Because EWS-FLI1 low cells express more basal ICAM-1 and tumor ICAM-1 can enhance tumor cell: T-cell interaction and T-cell activation [19, 20], we hypothesized that EWS-FLI1 low cells would be more susceptible to T-cell mediated tumor cell killing as compared to tumor cells with higher EWS-FLI1 expression. In fact, we found the opposite, with cells in the EWS-FLI1 low state demonstrating less, not more, apoptosis when co-cultured with T-cells. Our studies indicate that EWS-FLI1 low cell immune resistance is due in part to the upregulation of PD-L1 and PD-L2, two potent negative regulators of T-cell function . In general, the expression of PD-L1 and PD-L2 varies widely between cells within an individual tumor and between different tumor types. This is also true in Ewing sarcoma, with immunohistochemistry data demonstrating variable and often quite low PD-L1 expression . Clinically, PD-L1 expression as low as 1–5% of cells can be associated with a significant response to PD-1 checkpoint inhibitors [37, 38] and this is the range of enhanced surface protein expression of PD-L1 and PD-L2 noted in the EWS-FLI1 low cells (Supplementary Figure 4). Individual patients with relapsed Ewing sarcoma have demonstrated a durable response to checkpoint inhibitor therapy, with one report of a patient with widely disseminated disease (lung and bone metastasis) achieve a complete radiological remission of greater than 6 months following initiation of pembrolizumab . Published data has shown that EWS-FLI1 low cells typically represent only a minority of the cells within Ewing tumors (1–2% ) and we have now shown that EWS-FLI1 low cells can upregulate PD-L1 and PD-L2 expression and undergo enhanced T-cell mediated tumor cell apoptosis in response to blocking PD-1. Together these observations could suggest that cells in the EWS-FLI1 low state, which make up only a small fraction of tumor cells, would be particularly sensitive to checkpoint inhibitors. Thus, in most cases, a single agent checkpoint inhibitor treatment approach is unlikely to control bulk disease. Indeed, the inability for single agent PD-1 inhibitors to control bulk disease in Ewing sarcoma is reflected in results from the recent SARC-028 clinical trial .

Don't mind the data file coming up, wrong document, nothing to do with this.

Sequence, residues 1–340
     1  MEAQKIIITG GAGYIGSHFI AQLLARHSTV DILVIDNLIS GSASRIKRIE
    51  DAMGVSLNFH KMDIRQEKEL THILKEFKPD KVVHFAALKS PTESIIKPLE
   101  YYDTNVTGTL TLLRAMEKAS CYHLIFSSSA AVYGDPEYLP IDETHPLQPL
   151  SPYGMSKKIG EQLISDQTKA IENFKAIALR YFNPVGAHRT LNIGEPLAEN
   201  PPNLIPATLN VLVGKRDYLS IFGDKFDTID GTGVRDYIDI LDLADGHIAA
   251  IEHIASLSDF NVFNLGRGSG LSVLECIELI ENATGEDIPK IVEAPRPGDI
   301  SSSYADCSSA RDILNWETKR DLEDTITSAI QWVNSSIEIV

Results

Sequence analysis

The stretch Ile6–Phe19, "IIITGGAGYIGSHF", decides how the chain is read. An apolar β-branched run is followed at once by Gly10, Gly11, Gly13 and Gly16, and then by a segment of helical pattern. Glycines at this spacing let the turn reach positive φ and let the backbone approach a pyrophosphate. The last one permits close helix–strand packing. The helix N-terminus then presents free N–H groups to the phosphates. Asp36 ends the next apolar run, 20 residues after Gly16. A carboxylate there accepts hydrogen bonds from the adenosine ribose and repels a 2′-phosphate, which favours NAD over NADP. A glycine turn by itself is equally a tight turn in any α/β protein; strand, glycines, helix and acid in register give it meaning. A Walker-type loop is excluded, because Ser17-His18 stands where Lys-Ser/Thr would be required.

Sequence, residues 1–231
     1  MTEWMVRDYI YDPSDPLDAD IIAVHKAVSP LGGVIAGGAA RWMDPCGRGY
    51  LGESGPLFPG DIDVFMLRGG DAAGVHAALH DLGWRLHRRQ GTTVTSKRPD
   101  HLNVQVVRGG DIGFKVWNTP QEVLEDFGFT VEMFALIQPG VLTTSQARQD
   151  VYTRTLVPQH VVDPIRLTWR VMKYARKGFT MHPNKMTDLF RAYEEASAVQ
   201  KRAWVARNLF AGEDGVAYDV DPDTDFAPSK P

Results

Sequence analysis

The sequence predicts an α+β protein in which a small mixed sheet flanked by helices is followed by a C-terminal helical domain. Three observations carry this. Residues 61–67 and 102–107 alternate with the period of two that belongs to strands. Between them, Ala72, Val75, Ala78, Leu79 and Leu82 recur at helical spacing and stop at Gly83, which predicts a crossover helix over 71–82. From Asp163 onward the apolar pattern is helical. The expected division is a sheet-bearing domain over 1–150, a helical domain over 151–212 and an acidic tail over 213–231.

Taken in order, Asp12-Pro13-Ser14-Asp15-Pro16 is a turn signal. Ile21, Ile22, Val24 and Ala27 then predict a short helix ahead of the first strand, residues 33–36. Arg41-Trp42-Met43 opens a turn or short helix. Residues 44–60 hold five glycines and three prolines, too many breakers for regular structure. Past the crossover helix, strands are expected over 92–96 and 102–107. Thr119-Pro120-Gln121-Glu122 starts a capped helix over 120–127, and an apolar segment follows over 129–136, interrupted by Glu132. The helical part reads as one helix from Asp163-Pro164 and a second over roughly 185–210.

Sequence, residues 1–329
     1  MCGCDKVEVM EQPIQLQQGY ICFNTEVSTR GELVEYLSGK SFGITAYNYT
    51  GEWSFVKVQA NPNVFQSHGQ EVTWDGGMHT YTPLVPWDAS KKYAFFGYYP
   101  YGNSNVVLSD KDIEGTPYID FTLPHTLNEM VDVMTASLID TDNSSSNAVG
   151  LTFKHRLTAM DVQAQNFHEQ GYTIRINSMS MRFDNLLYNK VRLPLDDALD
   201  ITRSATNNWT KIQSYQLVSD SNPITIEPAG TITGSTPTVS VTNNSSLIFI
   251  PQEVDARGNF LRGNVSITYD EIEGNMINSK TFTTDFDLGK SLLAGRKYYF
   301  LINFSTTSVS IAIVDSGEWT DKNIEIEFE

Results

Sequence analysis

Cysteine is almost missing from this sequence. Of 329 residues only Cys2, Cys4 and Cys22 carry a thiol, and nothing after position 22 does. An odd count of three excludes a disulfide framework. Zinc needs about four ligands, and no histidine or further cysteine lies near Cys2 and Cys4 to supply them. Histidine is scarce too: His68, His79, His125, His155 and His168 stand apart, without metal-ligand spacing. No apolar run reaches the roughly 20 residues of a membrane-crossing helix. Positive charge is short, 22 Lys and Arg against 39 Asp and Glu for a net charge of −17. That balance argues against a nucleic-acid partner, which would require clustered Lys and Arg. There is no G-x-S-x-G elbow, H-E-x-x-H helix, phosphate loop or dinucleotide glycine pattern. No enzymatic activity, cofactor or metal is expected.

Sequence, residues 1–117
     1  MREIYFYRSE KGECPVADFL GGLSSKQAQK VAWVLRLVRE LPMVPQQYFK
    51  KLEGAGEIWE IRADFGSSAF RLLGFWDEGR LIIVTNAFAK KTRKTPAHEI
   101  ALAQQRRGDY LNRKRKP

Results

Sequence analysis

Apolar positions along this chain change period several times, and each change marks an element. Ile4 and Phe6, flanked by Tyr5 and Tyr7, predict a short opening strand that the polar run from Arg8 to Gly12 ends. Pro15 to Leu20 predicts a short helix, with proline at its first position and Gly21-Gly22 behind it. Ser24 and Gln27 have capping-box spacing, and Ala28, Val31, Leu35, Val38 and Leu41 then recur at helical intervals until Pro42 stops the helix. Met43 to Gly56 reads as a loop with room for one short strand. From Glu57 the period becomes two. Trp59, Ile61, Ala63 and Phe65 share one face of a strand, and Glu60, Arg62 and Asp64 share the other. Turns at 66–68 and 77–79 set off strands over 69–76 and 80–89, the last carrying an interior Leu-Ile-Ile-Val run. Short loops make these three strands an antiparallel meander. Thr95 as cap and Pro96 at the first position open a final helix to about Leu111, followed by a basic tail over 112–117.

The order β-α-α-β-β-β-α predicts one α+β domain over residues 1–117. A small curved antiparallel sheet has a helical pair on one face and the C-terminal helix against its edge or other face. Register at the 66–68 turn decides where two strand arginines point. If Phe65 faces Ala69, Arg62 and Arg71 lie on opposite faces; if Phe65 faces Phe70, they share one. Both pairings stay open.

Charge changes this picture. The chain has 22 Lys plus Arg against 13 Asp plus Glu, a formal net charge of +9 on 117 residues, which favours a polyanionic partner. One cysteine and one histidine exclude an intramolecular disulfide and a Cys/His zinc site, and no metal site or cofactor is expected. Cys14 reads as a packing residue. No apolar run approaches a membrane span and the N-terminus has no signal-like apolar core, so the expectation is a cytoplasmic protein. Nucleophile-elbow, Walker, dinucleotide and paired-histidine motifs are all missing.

So what might be a future role be for PD-1 blockade in Ewing sarcoma? The EWS-FLI1 low cell state has been shown to represent a minor, yet highly invasive subpopulation of cells within Ewing tumors [13, 14, 16]. We now have shown that the EWS-FLI1 low state also favors cell PD-L1/-L2 expression both at baseline and in response to IFN-γ stimulation. Perhaps PD-1 inhibitors could be used in combination with conventional chemotherapy in order to simultaneously target both bulk/EWS-FLI1 high tumor cells, which are more proliferative, and the minority population of invasive cells in the EWS-FLI1 low state, which would be expected to express PD-L1/-L2. As we have made little progress in improving outcomes for patients with metastatic Ewing sarcoma using various combinations of cytotoxic chemotherapy, looking toward incorporating immunotherapy into relapsed and metastatic Ewing sarcoma therapy is a logical next step in attempting to improve patient outcomes. The lack of a syngeneic/transgenic Ewing sarcoma mouse model makes immune-based Ewing sarcoma preclinical work challenging; but our ongoing, in vitro work continues to examine differences in immunologic behavior between Ewing tumor subpopulations and to provide insight into how to best harness emerging immunotherapies into novel treatment approaches for metastatic and relapsed Ewing sarcoma.
Materials and Methods
Human patient-derived Ewing sarcoma cell lines were obtained from ATCC (A673, SK-N-MC), and the Children’s Oncology Group Childhood Cancer Repository (CHLA10). shA673-1c cells (with shRNA mediated tet-repressible EWS-FLI1 expression) are a kind gift from Dr. Olivier Delattre [14, 27]. Cells were cultured in RPMI plus 1% L-glutamine, 10% FBS and penicillin/streptomycin (P/S) (A673), IMDM plus 20% FBS, 1%ITS, 1% L-gluatmine and 1% P/S (CHLA10) or DMEM plus 10%FBS and 1% L-glutamine (SK-N-MC). shA673-1c cells were cultured in phenol-free RMPI with 10% tet-free FBS and 1% L-glutamine. shA673-1c cells were treated with 1 microgram/mL doxycycline or DMSO (control) in experiments. To passage, cells were detached from the plate using 0.05% trypsin (Gibco, cat #25300-062). Cell line identity was verified by StR profiling (University of Arizona Genetics Core). Cells were maintained in culture at 37 degrees C and 5% CO2. Routine testing was performed for mycoplasma using MycoAlert Detection Kit (Lonza, cat #LT07-318).